June 27, 2011 / 3:33 PM / in 6 years

The veil behind the wheel in Saudi Arabia

<p>Umm Ibrahim sits behind the wheel of her vehicle as she drives in Riyadh, an act that is banned in Saudi Arabia June 21, 2011.Amena Bakr</p>

RIYADH (Reuters Life!) - As Umm Ibrahim takes the wheel of her husband's white Hyundai, beads of sweat form beneath the black veil that covers her face and body.

Nervously turning the ignition, shifting into drive and easing her foot off the brake, she knows she's risking arrest. The simple act of driving for a woman is banned in Saudi Arabia.

"The day I get my driving license, I will open a driving school for women and I'll be one of the instructors, that's my dream," said Umm Ibrahim.

Last week, on the same day the 25 year-old mother of two chose to make a statement by taking her husband's car out for a spin, U.S. Secretary of State Hillary Clinton publicly supported "brave" Saudi women demanding the right to drive.

"What these women are doing is brave and what they are seeking is right, but the effort belongs to them. I am moved by it and I support them," Clinton said, responding to a letter sent by activist group Saudi Women for Driving.

She was also careful to stress that it was an issue for Saudis to determine for themselves.

The mutaween -- Saudi Arabia's religious police -- are constantly on the lookout for violators of the kingdom's conservative rules. There is no law explicitly forbidding women from driving but they are not allowed to obtain licenses, making it effectively illegal.

The penalty for those caught is a fine or a short detention.

As the car gains speed on the desert highway, Umm Ibrahim's anxiety appears to vanish and she reveals a secret: she's been driving for years and her husband -- an imam at a mosque -- taught her.

"I've been driving for three years," she says, "My husband taught me, but until now I only drove on the outskirts of town."

Besides a ban on driving, Saudi women are subject to a male "guardianship" system which requires they show permission from their guardian -- father, brother or husband -- to travel undergo certain operations or, sometimes, work.

"We can't be this dependant on men anymore, we want our basic rights and driving is one of them Then we don't want to be accompanied by male guardians all the time," said Umm Ibrahim, as she whizzed past cars driven by glaring men.

Umm Ibrahim is part of a growing movement of women challenging the driving ban, inspired in part by the social upheaval that began earlier this year in the Arab world, resulting in the toppling of the rulers of Tunisia and Egypt.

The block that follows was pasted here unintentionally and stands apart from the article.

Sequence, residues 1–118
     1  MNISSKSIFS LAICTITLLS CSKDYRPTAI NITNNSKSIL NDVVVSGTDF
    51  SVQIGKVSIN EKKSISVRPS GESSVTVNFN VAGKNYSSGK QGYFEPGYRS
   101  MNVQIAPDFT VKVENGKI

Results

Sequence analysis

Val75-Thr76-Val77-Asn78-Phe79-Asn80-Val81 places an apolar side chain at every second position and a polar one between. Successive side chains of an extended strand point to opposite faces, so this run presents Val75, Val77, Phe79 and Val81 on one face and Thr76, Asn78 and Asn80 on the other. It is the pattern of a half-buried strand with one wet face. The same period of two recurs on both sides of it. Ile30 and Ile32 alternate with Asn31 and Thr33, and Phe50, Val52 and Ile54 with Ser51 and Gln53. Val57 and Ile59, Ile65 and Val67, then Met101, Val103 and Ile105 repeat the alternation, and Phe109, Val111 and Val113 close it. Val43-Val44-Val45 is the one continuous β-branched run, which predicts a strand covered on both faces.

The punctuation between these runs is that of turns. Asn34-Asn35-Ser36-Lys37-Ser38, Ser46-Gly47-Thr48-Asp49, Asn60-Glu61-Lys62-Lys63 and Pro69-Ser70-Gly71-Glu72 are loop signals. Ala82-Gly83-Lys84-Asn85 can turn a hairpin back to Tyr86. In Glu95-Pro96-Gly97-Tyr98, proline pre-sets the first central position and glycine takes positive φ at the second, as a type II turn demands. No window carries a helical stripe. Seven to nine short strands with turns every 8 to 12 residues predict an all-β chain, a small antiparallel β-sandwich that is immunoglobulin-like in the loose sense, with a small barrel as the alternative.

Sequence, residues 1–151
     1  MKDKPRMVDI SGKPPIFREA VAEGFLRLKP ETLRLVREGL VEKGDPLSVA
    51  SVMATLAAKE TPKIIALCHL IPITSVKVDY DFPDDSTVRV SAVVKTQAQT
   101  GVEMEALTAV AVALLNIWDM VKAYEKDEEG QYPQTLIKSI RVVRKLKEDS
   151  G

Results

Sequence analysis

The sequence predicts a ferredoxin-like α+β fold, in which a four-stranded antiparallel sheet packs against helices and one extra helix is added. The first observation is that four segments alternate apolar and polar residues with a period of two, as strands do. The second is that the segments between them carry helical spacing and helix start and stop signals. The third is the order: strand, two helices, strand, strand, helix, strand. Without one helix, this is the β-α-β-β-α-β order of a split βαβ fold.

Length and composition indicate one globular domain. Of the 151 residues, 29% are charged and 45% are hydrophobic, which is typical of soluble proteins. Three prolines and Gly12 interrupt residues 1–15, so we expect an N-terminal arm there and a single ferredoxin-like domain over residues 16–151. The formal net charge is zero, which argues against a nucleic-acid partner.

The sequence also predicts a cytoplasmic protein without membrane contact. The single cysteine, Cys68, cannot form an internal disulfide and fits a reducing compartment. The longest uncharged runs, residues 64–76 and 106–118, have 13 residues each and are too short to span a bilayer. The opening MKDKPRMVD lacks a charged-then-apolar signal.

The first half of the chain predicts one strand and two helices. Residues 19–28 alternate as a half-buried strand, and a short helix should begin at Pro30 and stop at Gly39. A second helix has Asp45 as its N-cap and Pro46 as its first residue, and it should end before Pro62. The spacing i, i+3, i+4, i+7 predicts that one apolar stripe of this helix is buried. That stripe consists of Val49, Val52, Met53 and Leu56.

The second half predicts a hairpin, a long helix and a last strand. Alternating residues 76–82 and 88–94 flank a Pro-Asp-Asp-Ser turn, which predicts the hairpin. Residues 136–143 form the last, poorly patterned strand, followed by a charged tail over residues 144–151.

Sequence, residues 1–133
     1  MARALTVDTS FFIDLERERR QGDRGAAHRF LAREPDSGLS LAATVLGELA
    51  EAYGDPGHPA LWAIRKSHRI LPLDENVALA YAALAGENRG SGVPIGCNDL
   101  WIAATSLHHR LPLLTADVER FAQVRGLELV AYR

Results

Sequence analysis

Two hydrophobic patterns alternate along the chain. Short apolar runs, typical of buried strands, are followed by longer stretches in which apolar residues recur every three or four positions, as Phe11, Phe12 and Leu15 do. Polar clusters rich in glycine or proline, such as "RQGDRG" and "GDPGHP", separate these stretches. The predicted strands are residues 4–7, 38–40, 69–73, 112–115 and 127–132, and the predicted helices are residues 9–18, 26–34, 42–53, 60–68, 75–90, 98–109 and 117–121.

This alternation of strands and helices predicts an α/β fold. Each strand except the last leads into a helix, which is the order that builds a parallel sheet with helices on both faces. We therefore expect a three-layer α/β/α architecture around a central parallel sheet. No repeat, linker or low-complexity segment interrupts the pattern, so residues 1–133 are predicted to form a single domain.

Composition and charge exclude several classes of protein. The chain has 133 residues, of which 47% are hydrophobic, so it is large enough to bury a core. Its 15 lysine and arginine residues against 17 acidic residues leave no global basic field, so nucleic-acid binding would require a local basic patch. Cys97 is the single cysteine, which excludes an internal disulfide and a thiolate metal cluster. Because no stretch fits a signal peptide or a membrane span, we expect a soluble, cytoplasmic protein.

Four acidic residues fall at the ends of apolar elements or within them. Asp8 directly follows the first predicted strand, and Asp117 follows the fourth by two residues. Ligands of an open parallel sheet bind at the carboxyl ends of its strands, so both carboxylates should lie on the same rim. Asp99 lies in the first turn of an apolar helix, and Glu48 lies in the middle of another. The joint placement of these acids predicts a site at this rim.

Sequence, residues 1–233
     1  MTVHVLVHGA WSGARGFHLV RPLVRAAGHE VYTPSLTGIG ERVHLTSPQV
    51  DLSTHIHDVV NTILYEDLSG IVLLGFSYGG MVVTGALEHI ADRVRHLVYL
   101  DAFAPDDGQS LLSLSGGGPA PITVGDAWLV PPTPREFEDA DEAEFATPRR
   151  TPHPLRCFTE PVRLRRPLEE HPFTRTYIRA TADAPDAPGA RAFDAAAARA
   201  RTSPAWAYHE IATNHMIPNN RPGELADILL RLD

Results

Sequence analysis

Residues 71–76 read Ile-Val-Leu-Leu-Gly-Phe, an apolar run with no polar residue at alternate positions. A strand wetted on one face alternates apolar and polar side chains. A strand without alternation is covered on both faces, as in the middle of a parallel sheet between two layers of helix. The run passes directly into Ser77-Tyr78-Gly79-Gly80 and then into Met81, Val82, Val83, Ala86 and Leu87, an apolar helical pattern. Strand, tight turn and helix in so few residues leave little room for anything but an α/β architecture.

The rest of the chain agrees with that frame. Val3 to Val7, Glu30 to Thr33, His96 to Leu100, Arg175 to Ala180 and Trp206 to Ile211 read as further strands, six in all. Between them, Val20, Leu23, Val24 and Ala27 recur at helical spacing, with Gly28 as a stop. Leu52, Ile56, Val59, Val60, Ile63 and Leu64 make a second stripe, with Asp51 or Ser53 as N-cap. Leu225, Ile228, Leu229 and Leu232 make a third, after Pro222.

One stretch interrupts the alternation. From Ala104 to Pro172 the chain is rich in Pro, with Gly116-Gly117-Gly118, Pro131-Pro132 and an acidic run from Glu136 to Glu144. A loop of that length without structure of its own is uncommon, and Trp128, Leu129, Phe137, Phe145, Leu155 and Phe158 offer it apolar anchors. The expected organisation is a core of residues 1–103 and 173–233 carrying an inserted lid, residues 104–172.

Two other Saudi women, Shaima Osama and Manal Alsharif, have been arrested for defying the ban and earlier this month some women responded to a call on the internet for a national day of defiance by taking the wheel and then posting pictures of themselves driving.

"That day was a real challenge, I swear to you the religious police were everywhere like it was some kind of war against women," said divorced mother of two, Aysha Shehri, who hired a Sudanese woman in Jeddah to teach her and her daughters how to drive two years ago.

Saudi Arabia's King Abdullah has replaced hardline clerics with moderate ones and even signaled he was open to the idea of women driving, but progress has been slow. A ban can only be lifted in consultation with top Islamic scholars.

Some analysts believe that the government is willing to lift the ban but would not make an announcement too soon to avoid being seen as coming under pressure.

As Umm Ibrahim stopped and turned off the car's engine, a nearby driver, a man with a long black beard, quickly dialed his mobile phone and reported her car's number plate.

Reflecting how potentially divisive the issue may prove to be, another rolled down his window and congratulated her: "Well done, you park better than I do."

Reporting by Amena Bakr; Editing by Reed Stevenson and Paul Casciato

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